BY MUSA DAGDEVIREN The definitive cookbook of hearty, healthy Turkish cuisine, from the leading authority on Turkey’s unique food traditions, Musa Dagdeviren, as featured in the Netflix docuseries Chef’s Table.Vibrant, bold, and aromatic, Turkish food – from grilled meats, salads, and gloriously sweet pastries to home-cooking family staples such as dips, pilafs, and stews – is beloved around the world. This is the first book to so thoroughly showcase the diversity of Turkish food, with 550 recipes for the home cook that celebrate Turkey’s remarkable European and Asian culinary heritage – from little-known regional dishes to those that are globally recognized and stand the test of time, be they lamb kofte, chicken kebabs, tahini halva, or pistachio baklava.
It’ll be a night of incredible food for a good cause on Friday December 9, 2016 when the Hawai‘i Island Paina takes place at Merriman’s Waimea with guest chef Mark “Gooch” Noguchi of O’ahu. This farm-to-table culinary experience, in which Chef Noguchi of the Pili Group will team up with Merriman’s own chef Vince McCarthy, is the first of two fundraisers held statewide for the Hawai‘i Islands Land Trust (HILT). The second fundraiser will be held on Kauai on Sunday December 18, 2016 in collaboration with Chef Sheldon Simeon of Tin Roof Maui at Merriman’s Fish House in Poipu, Kauai, Hawai’i.
With this much talent in the kitchen it’s going to be a lot of fun to see – and taste – the delectable dishes prepared by the chefs, each a leader in Hawaii’s sustainable food movement. This is a wonderful opportunity to experience how award-winning chefs use the wide variety of foods produced and raised right here in the islands.
There’s a close connection between cooking with locally sourced fresh food and preserving the land from which that food came. Thus it’s only fitting that fundraisers for the state’s largest land trust are being held at restaurants owned by Peter Merriman, a long time champion and ardent supporter of local farmers, ranchers, and fisherman. Peter, a past HILT board president, pioneered Hawaii’s Regional Cuisine movement more than 25 years ago. His Waimea restaurant, like his other establishments on Maui and Kauai, are built on the premise of serving the freshest, Hawaii grown food. In fact, 90 percent of Merriman’s food is locally grown and raised.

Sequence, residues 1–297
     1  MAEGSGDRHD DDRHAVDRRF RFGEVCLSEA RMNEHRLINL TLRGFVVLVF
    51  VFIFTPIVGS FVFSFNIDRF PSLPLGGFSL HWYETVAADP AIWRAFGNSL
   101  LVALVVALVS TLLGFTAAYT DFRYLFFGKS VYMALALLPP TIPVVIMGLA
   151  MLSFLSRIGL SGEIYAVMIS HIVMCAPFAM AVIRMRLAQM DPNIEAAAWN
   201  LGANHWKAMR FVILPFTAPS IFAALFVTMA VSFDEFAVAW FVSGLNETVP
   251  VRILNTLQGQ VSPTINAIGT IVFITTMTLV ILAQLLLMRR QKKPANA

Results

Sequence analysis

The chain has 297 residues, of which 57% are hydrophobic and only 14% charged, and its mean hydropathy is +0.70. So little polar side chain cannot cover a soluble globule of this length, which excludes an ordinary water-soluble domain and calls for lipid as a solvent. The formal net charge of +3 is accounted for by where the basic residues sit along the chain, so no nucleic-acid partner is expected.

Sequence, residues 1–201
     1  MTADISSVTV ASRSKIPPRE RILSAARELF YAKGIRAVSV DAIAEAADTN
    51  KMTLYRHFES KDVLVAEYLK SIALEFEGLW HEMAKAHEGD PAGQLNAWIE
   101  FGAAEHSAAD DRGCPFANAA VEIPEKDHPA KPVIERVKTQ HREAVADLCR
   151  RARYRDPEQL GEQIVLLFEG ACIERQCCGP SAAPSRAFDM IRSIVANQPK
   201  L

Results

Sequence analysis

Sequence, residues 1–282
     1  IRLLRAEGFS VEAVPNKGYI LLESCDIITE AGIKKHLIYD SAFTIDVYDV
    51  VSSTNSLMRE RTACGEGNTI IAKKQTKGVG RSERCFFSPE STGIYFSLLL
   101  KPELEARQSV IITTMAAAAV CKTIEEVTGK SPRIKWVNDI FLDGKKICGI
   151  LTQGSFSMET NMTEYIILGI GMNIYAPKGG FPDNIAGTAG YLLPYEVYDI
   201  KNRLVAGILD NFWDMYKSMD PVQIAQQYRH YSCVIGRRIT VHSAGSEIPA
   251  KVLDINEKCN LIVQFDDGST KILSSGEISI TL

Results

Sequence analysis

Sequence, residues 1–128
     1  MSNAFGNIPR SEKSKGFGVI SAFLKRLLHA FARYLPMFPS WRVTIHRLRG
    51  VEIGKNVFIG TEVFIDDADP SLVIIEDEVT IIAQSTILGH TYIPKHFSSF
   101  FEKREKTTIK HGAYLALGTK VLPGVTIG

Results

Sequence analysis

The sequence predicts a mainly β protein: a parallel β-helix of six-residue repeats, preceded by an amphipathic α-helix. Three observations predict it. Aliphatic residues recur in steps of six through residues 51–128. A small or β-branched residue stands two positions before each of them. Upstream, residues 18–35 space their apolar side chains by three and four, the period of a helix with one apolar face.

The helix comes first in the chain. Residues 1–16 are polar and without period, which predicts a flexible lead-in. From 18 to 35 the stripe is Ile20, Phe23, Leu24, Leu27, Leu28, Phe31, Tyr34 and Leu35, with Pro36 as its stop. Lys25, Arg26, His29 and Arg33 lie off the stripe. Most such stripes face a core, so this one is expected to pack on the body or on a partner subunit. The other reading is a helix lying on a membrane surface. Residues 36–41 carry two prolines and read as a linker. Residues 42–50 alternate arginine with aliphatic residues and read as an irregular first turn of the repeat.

At their very core, the mission of each of Peter’s restaurants reflect a deep respect for the land and the people who work that land. This core mission is seen in their “Do the Right Thing” campaign and is instilled in every member of the Merriman’s team.
The Waimea event will also host professional free diving and spear fisherwoman Kimi Werner as their social media ambassador to share this unique experience with others and her own personal take on the collaboration.
Helping to conserve and protect open lands across Hawaii Island is just one way Merriman’s and collaborating chefs like Chef Simeon and Chef Noguchi help to #DoTheRightThing and #MalamaAina. It’s hoped that those attending these mouth-watering Paina’s will also be inspired to help support organizations like HILT.
Hawaii Islands Land Trust is a 501(c)(3) non-profit organization formed in 2011 out of the merger of four local land trusts, and it is the first and only nationally accredited local land trust in Hawai‘i. To date they’ve conserved more than 17,500 acres across Hawaii, protecting scenic views, recreational areas, water and agricultural resources, and historical sites. Fundraisers such as these Paina’s help provide the land trust with much needed funds to conserve additional lands for Hawaii’s future.